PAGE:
McKINLEY: Financing failure: The state of bailouts

Overseers simply watch while institutions go up in flames

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The recent sound and fury regarding Richard Cordray’s appointment as head of the new Consumer Financial Protection Bureau, though justified, ignores much more crucial financial-reform issues. Three years after the explosion of bailouts in 2008-09, government has failed to address the underlying problems revealed during that period of panic-induced interventions.

The bailouts capped off multiple regulatory breakdowns as the financial agencies were caught off-guard by the rapid decline of regulated financial institutions and were negligent in their role as early-warning systems. Dodd-Frank’s answer was the creation of yet another new financial body, the Financial Services Oversight Council (FSOC). Never mind that there was a similar early-warning entity already in place since the late 1980s, the Working Group on Financial Markets. The FSOC was going to be bigger (10 member agencies instead of four), have more resources, more powers and receive more reports - the classic Washington formula to rectify government failure.

Just as the agencies failed to sound alarms, they were also far too secretive in shielding information about the “what” and “why” of their interventions (and non-interventions). We are just beginning to learn the extent to which their actions were an abysmal combination of seat-of-the-pants analysis and panicked responses. Decisions and deals oftentimes “took place in emergency meetings in the middle of the night,” as President Obama has described it, and the resulting decisions were inconsistent in their entirety. The answer in Dodd-Frank was a one-time review by the Government Accountability Office of the bailouts and a mandate on the Federal Reserve to publicly post details of its wide-ranging interventions. However, it did not include an effective means to shed light on future deliberations regarding interventions.

Finally, the bailouts left the status of large financial institutions such as Fannie Mae and Freddie Mac in doubt, leaving a cloud of uncertainty over the mortgage market. When Treasury Secretary Henry M. Paulson Jr. first pulled a team together to work on the bailout of Fannie and Freddie, he told his team that he did not want to “kick the can down the road.” However, that is exactly what he ended up doing, and Dodd-Frank did not even address the two mortgage giants.

Is there reason to think the new regulatory structure will work better? In the United States, few important financial institutions have failed in the last few years, but the examples we do have showed troubling signs, not only about regulatory breakdowns, but also the secretive nature of regulators and the lack of clear underlying analysis behind the decisions.

So how did the FSOC respond in the most recent meltdown of a large financial institution - MF Global - which filed for bankruptcy on Oct. 28? We know the FSOC deliberated on the issue. According to meeting minutes from Oct. 31, “The Council convened by teleconference to discuss developments regarding MF Global. Members of the Council provided oral reports.” The use of the term ‘minutes’ is generous here - a 1 1/2-page list of the names of the 28 people from the 10 underlying agencies, followed by five very short sentences about what they discussed for 29 minutes - would be a better description. So much for transparency on the council’s rationale for non-action. A review of the minutes from the prior FSOC meeting on Oct. 11 shows absolutely no similar before-the-fact reference to MF Global. So much for the concept of an early-warning system.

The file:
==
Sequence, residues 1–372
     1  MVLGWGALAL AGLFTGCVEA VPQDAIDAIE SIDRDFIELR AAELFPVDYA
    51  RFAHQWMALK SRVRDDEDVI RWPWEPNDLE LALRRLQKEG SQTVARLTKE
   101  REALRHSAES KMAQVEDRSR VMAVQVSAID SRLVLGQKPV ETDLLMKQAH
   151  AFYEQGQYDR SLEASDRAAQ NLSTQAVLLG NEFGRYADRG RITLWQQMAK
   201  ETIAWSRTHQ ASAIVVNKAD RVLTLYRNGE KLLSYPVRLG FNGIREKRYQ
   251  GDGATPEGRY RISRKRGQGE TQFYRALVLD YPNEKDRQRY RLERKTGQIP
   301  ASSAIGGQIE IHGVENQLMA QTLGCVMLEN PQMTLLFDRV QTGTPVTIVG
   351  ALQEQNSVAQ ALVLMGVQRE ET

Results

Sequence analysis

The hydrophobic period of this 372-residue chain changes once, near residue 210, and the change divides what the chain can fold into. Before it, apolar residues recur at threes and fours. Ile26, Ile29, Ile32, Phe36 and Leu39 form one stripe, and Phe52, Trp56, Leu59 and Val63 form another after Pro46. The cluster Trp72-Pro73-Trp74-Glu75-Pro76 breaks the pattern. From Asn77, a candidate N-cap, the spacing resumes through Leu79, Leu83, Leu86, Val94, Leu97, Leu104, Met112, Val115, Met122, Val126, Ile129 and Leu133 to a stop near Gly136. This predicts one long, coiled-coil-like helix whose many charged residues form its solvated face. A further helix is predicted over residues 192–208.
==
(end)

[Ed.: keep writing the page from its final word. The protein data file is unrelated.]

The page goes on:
As for the lingering presence of Fannie Mae and Freddie Mac, which resulted in the costliest of the bailouts with a likely price tag in the hundreds of billions, we are told that politics have killed any chance of resolving their fate. The problem with that formulation is that the Federal Housing Finance Authority (FHFA), an independent agency that is regulator and conservator for the duo, can place them both into receivership, a procedure that would allow the two entities to be wound down.

In fact, the FHFA has had this power since before the Fannie and Freddie bailout and has never explained why it chose to put the two in conservatorship, the status that has allowed them to linger on indefinitely, rather than receivership. The FHFA could plan for a receivership by getting some help from the Federal Deposit Insurance Corp., which has placed hundreds of institutions into receivership during the most recent crisis, but have they? Unfortunately, this month the Federal Reserve has been pushing in the opposite direction of a wind-down by advocating that Fannie and Freddie do more to artificially bolster the mortgage market.

For all the rhetoric of reforming our financial system, the latest facts show no material progress to date.

Vern McKinley is research fellow at the Independent Institute, and author of “Financing Failure: A Century of Bailouts” (Independent Institute, 2012).

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